Rubellite: Pink Tourmaline, Gemstone, Properties

Rubellite is a captivating gemstone, the red or pink variety of the mineral tourmaline. It's renowned for its stunning shades ranging from delicate pinks to fiery reds, sometimes even with hints of violet. Its name comes from the Latin word "rubellus," meaning "reddish," perfectly capturing its essence.

Rubellite belongs to the elbaite tourmaline family, which includes a wide spectrum of colors. However, rubellite stands out as one of the most prized and valuable members due to its exceptional beauty and relative rarity.

The defining characteristic of rubellite is its captivating color, ranging from a delicate pastel pink to a passionate cherry red, sometimes even with hints of violet. The most valuable stones are those with pure, intense reds lacking orange or brown undertones.

The gem is also called aphrite, apyrite, rubelite, or rubylite

Rubellite Formation

Rubellite forms in pegmatites, which are coarse-grained igneous rocks rich in rare elements. These rocks crystallize slowly, allowing for the formation of large, well-developed crystals.

The specific environment within the pegmatite plays a crucial role in determining the color and quality of rubellite. For instance, the presence of manganese and lithium ions is crucial for its characteristic pink and red hues.

Rough and cut Rubellite



The captivating pink and red hues are primarily due to the presence of iron (Fe³⁺) in the crystal structure. The specific shade depends on the oxidation state of iron and the presence of other elements like manganese and chromium. Trace elements and structural defects can also contribute to subtle variations in color and luminescence.

Rubellite Properties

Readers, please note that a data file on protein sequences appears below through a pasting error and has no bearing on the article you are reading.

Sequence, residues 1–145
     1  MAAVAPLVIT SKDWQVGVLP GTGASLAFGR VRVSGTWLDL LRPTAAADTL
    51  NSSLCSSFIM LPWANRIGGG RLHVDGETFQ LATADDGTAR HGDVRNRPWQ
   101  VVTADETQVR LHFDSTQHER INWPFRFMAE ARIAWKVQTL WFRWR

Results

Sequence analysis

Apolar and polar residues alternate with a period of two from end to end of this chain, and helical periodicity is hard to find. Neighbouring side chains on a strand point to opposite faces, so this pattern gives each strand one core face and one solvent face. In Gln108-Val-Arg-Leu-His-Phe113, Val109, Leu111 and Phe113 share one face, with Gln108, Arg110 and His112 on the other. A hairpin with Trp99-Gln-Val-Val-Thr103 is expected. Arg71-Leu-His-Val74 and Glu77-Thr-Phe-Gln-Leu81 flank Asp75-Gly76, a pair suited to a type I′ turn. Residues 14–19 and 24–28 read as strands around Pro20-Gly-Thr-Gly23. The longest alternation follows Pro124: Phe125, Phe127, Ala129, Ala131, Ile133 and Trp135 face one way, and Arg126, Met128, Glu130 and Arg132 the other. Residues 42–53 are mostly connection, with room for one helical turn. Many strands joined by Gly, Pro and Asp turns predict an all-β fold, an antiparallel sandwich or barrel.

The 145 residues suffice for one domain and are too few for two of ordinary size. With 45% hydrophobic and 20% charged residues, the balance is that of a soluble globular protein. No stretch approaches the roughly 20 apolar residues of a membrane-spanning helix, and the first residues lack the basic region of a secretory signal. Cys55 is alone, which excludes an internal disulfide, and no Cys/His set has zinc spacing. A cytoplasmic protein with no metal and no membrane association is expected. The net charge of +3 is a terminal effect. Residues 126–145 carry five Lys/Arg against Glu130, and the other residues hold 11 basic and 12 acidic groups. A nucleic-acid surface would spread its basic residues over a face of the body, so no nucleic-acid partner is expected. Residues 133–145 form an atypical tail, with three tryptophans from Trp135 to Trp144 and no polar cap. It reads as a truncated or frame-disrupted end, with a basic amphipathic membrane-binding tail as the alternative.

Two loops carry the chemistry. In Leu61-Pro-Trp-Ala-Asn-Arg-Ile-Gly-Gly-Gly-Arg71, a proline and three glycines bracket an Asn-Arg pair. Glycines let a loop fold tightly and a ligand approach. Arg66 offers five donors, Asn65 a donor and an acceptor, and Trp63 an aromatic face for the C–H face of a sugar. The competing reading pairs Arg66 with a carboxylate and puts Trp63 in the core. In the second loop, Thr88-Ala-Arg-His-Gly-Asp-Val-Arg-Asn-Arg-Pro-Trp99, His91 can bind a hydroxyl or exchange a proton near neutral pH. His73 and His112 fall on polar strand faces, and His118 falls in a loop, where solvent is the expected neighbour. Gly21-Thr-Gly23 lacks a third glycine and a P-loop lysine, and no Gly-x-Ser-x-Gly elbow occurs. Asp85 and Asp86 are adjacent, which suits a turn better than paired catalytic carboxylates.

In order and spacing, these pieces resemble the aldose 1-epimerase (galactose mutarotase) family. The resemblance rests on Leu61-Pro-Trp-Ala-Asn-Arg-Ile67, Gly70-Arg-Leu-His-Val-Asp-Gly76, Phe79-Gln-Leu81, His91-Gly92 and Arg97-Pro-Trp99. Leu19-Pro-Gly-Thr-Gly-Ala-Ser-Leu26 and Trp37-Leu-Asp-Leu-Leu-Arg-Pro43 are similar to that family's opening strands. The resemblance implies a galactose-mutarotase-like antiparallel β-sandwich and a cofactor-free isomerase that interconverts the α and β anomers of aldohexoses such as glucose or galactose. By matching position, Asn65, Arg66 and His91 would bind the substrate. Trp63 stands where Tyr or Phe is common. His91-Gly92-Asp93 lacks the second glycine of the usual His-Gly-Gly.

Composition: Rubellite's General Formula chemical Na(Li,Al)₃Al₆(BO₃)₃Si₆O₁₈(OH)₄ with variable amounts of Fe, Mn, Mg, and Ca. The presence of iron (Fe³⁺) contributes to the pink and red hues, while other elements influence subtle variations in color and luminescence.

Color: Pink to deep red, often with hints of violet or purple. The intensity and purity of color significantly impact its value, with saturated reds being the most prized.

Luster: Vitreous to sub-vitreous, meaning it has a glassy or slightly greasy shine.

Streak: White to light pink, the fine powder produced when rubbed against a rough surface.

Hardness: 7-7.5 on the Mohs scale, making it durable for jewelry and resistant to scratching.

Cleavage: Poor in one direction, meaning it tends to break unevenly along specific planes.

Crystal Form: Trigonal, typically forming hexagonal prisms and striated columns.

Density: Around 3.06 g/cm³, relatively heavy for its size.

Transparency: Can range from transparent to translucent to opaque, depending on the presence of inclusions and fractures.

Fracture: Conchoidal to uneven, meaning it breaks with smooth, curved surfaces or irregular cracks.

Solubility: Insoluble in most common solvents, making it resistant to chemical weathering and degradation.

Magnetism: Non-magnetic, not attracted to or repelled by magnets.

Fluorescence: Inert, meaning it does not emit visible light when exposed to ultraviolet radiation.

Inclusions, like needle-like tourmaline fibers ("trichites"), are common in rubellite and can create a sparkling effect known as adularescence.

Pleochroism: Rubellite often exhibits this property, showing different shades of red depending on the viewing angle. This adds depth and complexity to its color.

Adularescence: Some rubellites display this shimmering effect due to their birefringence, which splits light into two rays.

Refractive Index: Ranges from 1.603 to 1.655, meaning it bends light significantly when entering the gem. This contributes to its brilliance and sparkle.